Pentagon agency that created spy bugs declines to allow scientist to talk
Vice President Dick Cheney is so favored by the Defense Advanced Research Project Agency -- DARPA -- that they invited him to blow out the candles at their 50th anniversary bash.
"This agency brought forth the Saturn 5 rocket, surveillance satellites, the Internet, stealth technology, guided munitions, unmanned aerial vehicles, night vision and the body armor that's in use today," Cheney claimed. "Thank heaven for DARPA."
The secretive Pentagon outfit, a research arm which develops new military technologies, refused to allow a scientist to be interviewed for an article Sunday about on a program that has received scant attention by the press: small insect cyborgs that may mark the next generation in military surveillance.
No, it's not April Fool's.
"No agency admits to having deployed insect-size spy drones," the Washington Post's Rick Weiss wrote last October. "But a number of U.S. government and private entities acknowledge they are trying. Some federally funded teams are even growing live insects with computer chips in them, with the goal of mounting spyware on their bodies and controlling their flight muscles remotely."
"The robobugs could follow suspects, guide missiles to targets or navigate the crannies of collapsed buildings to find survivors," he adds.
But in an article reported late Sunday by TIME's Mark Thompson, the agency has admitted creating insects with embedded computer chip systems.
"DARPA declined TIME's request to interview Dr. Lal about his program and the progress he is making in producing the bugs," Thompson wrote. "The agency added that there is no timetable for turning backyard pests into battlefield assets. But in a written statement, spokeswoman Jan Walker said that 'living, adult-stage insects have emerged with the embedded systems intact.'"
"Presumably," he mocks, "enemy arsenals will soon be well-stocked with Raid."
But he may be underplaying the case. The CIA developed simplistic "dragonfly" robots in the 1970s, Weiss notes, but scientists are skeptical that enhanced cyborg surveillance insects have been created.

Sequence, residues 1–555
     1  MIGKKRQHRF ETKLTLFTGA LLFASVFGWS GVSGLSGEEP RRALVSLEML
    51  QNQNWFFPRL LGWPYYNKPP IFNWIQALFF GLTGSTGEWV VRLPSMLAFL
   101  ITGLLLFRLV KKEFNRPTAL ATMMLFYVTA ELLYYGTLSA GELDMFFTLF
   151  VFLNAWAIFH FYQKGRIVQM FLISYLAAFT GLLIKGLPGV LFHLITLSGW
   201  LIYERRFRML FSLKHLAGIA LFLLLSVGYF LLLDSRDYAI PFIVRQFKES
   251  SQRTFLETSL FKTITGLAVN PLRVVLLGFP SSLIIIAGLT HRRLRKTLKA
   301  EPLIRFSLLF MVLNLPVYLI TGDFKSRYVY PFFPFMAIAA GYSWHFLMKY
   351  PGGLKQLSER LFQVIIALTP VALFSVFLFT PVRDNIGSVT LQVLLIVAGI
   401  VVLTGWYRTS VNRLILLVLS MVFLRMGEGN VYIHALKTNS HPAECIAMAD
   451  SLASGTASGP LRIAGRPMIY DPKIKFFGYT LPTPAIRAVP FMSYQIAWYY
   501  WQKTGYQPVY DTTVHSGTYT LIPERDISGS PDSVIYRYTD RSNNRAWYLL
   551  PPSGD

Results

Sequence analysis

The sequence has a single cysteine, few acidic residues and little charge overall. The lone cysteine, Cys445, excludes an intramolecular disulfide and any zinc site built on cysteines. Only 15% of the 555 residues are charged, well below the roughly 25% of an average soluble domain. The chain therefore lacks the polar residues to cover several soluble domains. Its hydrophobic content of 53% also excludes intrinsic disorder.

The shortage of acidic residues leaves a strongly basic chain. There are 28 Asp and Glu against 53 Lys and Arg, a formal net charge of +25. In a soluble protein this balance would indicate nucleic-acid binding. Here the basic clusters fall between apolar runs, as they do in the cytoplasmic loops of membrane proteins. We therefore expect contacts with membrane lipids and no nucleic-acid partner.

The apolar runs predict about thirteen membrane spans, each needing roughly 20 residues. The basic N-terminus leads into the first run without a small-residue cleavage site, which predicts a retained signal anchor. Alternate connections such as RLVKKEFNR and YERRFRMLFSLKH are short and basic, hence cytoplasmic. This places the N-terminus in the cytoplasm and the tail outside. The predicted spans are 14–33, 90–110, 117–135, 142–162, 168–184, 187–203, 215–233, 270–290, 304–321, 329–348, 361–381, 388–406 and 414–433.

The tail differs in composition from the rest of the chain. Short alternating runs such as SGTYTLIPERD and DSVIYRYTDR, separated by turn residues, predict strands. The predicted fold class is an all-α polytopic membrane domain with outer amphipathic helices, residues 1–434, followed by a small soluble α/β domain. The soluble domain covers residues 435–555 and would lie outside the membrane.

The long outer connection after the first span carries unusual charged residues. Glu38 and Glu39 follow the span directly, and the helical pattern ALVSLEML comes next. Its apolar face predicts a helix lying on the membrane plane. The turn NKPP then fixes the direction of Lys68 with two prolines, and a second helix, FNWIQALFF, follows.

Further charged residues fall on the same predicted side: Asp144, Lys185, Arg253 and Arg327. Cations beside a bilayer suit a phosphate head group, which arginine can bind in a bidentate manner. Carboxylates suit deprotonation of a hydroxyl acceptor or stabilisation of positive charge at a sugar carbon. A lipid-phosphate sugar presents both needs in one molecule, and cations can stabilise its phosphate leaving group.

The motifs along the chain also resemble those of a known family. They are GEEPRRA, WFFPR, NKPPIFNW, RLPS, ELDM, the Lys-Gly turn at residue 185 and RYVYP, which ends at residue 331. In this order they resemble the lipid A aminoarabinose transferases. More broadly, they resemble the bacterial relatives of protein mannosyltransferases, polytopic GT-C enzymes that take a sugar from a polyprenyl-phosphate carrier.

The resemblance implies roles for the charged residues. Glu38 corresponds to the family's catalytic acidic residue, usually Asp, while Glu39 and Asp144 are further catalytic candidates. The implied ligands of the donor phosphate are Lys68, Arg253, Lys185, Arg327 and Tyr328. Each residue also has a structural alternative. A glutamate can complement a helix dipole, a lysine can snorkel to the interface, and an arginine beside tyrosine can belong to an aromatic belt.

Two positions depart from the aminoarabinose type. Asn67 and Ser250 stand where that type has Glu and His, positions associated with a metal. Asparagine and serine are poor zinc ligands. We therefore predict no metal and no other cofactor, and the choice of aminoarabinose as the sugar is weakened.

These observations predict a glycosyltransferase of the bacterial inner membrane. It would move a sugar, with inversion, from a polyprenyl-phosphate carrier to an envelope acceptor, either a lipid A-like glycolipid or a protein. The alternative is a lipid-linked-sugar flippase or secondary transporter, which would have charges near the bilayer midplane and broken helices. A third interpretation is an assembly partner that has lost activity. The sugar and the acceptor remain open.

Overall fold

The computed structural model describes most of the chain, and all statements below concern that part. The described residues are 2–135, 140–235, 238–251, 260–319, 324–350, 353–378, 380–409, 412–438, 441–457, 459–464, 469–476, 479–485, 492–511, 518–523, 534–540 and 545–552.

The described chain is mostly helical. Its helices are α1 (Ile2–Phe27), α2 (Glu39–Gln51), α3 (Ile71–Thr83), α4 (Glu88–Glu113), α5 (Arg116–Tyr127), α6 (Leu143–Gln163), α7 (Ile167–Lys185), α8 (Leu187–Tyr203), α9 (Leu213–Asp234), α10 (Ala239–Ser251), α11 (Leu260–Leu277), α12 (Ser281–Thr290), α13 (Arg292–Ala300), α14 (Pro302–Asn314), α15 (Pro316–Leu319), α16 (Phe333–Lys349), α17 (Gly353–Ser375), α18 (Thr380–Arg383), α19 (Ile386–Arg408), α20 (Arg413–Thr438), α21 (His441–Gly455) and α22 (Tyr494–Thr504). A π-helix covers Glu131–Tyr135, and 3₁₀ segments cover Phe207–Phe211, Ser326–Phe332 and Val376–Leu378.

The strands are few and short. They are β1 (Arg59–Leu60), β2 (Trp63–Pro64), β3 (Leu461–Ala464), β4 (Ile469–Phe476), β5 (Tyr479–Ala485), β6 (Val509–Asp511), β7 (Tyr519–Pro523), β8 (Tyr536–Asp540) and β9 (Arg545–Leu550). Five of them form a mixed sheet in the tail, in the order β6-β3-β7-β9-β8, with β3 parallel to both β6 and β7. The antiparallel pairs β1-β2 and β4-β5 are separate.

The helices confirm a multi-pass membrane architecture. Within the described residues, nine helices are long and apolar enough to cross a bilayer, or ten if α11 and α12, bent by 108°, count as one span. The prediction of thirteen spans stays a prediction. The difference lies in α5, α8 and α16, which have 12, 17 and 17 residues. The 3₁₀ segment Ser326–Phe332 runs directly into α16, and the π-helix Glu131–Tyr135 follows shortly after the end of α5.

So what's hot at DARPA right now? Bugs. The creepy, crawly flying kind. The Agency's Microsystems Technology Office is hard at work on HI-MEMS (Hybrid Insect Micro-Electro-Mechanical System), raising real insects filled with electronic circuitry, which could be guided using GPS technology to specific targets via electrical impulses sent to their muscles. These half-bug, half-chip creations - DARPA calls them "insect cyborgs" - would be ideal for surveillance missions, the agency says in a brief description on its website.
Scientist Amit Lal and his team insert mechanical components into baby bugs during "the caterpillar and the pupae stages," which would then allow the adult bugs to be deployed to do the Pentagon's bidding. "The HI-MEMS program is aimed at developing tightly coupled machine-insect interfaces by placing micro-mechanical systems inside the insects during the early stages of metamorphosis," DARPA says. "Since a majority of the tissue development in insects occurs in the later stages of metamorphosis, the renewed tissue growth around the MEMS will tend to heal, and form a reliable and stable tissue-machine interface." Such bugs "could carry one or more sensors, such as a microphone or a gas sensor, to relay back information gathered from the target destination."
Wrote Weiss in October: "In one approach, researchers funded by the Defense Advanced Research Projects Agency are inserting computer chips into moth pupae -- the intermediate stage between a caterpillar and a flying adult -- and hatching them into healthy 'cyborg moths.'"
More images of the fitted insects are here.